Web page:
Zika Virus Symptoms: As Warnings Increase For Florida Residents And Olympic Travelers, Here's What To Look For If You Think You're Infected

New Zika Virus Concerns: Microcephaly Just ‘Tip Of The Iceberg’, Says March Of Dimes Doctor

With the recent confirmation that the Zika virus is being spread within the United States by infected Florida mosquitoes, doctors are voicing their concerns about the potential health risks associated with the virus. Though microcephaly is the most talked about side effect of Zika, the medical director for the March of Dimes says it is just the “tip of the iceberg” regarding the disease. In fact, the doctor says that a host of other neurological problems have also been seen in babies infected with the virus in the womb.

Fox News reports that Dr. Edward McCabe, medical director for the March of Dimes, is hoping to help educate the public on protecting themselves from Zika virus while updating families with the latest Zika information. McCabe notes that the campaign is focused on “simple things” that people can do to protect themselves from infection. This includes mosquito protection measures, avoiding infected areas and wearing condoms to prevent sexual transmission of the virus.

Though mosquito bites are the most talked about transmission method of the Zika virus, sexual transmission has also been heavily documented. If a pregnant woman has sex with an infected man, she can contract the virus and pass it along to her baby. The virus can also be transmitted through the exposure to an infected person’s blood meaning that Zika can be contracted through blood transfusions or by improper handling of blood specimens by medical staff. In fact, McCabe notes that a lab worker was diagnosed with Zika after handling a blood specimen.

Though anyone can contract the Zika virus, it is pregnant women that are considered the at risk group as the Zika virus can cause a host of birth defects, such as microcephaly. Though microcephaly is a major concern and can cause premature fetal death, McCabe says that babies infected with Zika in the womb are also more susceptible to neurological problems, stillbirth and miscarriage. The neurological concerns are not fully understood making microcephaly just the “tip of the iceberg” for Zika.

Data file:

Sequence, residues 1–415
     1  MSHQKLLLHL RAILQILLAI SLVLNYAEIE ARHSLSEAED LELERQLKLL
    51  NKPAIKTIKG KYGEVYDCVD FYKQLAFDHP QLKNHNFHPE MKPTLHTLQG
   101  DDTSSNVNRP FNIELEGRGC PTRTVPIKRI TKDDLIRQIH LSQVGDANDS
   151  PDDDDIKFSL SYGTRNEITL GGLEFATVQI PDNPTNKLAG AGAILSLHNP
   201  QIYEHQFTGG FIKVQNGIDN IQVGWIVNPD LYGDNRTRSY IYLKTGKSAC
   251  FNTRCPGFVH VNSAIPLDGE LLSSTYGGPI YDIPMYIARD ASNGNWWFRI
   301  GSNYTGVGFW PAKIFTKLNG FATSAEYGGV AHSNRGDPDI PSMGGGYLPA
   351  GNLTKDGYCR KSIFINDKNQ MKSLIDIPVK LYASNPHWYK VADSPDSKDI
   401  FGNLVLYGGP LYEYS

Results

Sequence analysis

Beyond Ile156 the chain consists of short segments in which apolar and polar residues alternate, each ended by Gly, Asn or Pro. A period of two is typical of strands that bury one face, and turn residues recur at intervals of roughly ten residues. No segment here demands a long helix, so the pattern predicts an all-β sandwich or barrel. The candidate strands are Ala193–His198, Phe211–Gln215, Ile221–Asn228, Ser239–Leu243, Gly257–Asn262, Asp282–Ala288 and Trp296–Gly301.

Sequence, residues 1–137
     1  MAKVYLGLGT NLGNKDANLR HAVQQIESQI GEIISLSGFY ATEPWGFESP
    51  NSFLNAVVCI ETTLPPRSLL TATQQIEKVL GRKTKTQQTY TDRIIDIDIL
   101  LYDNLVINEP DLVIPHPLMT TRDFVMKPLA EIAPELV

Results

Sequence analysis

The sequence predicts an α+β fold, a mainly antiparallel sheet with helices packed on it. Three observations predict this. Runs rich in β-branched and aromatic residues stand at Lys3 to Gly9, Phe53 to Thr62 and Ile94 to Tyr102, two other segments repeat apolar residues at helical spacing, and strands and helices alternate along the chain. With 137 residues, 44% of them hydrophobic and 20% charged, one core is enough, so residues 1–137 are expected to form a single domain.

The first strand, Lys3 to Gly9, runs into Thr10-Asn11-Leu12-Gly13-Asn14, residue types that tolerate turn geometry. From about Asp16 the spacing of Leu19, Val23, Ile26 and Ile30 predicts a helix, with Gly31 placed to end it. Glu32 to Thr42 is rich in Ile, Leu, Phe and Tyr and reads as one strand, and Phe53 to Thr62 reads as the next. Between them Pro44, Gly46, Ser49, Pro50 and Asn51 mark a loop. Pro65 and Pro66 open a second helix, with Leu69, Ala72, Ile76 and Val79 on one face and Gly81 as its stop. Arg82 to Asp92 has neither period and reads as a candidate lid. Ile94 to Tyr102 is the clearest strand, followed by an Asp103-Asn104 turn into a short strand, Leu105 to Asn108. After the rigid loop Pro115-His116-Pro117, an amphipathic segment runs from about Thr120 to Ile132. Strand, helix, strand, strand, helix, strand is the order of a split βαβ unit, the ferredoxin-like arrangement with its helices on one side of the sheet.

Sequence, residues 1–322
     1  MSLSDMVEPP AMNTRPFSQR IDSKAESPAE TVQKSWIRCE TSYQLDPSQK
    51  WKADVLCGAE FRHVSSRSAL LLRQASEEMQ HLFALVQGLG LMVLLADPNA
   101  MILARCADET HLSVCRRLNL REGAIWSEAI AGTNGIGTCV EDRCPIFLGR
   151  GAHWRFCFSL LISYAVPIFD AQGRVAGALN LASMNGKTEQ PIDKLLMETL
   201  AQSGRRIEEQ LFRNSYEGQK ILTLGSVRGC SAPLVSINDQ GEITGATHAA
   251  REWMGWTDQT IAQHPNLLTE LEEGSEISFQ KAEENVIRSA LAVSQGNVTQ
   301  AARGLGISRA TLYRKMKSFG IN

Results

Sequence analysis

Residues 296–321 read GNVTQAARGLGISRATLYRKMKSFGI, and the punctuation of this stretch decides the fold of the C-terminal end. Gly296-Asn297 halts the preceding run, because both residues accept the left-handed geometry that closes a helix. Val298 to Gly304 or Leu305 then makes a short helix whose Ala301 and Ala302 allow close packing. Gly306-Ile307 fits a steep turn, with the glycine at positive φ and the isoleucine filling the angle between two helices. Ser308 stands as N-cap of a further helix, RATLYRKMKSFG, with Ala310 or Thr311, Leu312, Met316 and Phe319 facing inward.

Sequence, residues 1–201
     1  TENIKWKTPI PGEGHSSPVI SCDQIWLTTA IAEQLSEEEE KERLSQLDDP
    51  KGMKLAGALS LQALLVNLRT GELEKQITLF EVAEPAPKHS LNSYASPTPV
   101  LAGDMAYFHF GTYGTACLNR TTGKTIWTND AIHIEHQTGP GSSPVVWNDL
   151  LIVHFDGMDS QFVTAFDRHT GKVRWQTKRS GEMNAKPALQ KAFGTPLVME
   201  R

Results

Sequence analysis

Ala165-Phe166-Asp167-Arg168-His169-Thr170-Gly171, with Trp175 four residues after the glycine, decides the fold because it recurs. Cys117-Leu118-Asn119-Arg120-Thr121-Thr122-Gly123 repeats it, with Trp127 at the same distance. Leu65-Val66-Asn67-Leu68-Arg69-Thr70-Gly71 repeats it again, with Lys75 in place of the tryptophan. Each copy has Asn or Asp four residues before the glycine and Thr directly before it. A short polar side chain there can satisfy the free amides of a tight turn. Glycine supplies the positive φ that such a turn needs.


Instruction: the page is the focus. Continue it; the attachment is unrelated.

In fact, McCabe says that there are seemingly healthy babies being born to Zika-infected mothers who later have gone on to present with a host of neurological issues such as seizures. Therefore, he says the medical community must continue to research Zika and understand the full scope of issues. McCabe says information on the virus changes daily and that the March of Dimes is doing their best to keep the most up-to-date information on their website for families.

“We’ve updated [the website] 30 times since January 20th when we put the first article up. So what I’m telling you is what we know today. It may be different tomorrow and if it is, we’ll change it within a day. So stay on those websites. Be informed; protect yourself. Microcephaly is only the tip of the iceberg. They’re seeing babies who have no signs of microcephaly, no birth defect but are then developing seizures and having problems with sucking on a bottle or the breast — neurological problems.”

McCabe says that though many women may not be planning to become pregnant, half of all pregnancies are unplanned. Therefore, he says women should be focusing on family planning and ensuring precautionary measures are taken so that Zika is not contracted during the pregnancy.

“Fifty percent of the pregnancies in the U.S. are unplanned, so we really think that part of the message is plan your pregnancy. Think about whether this is the right time for you to have a family [if you live in an affected area].”

What do you think about Dr. McCabe’s warning that microcephaly is only the “tip of the iceberg” when it comes to the Zika virus?

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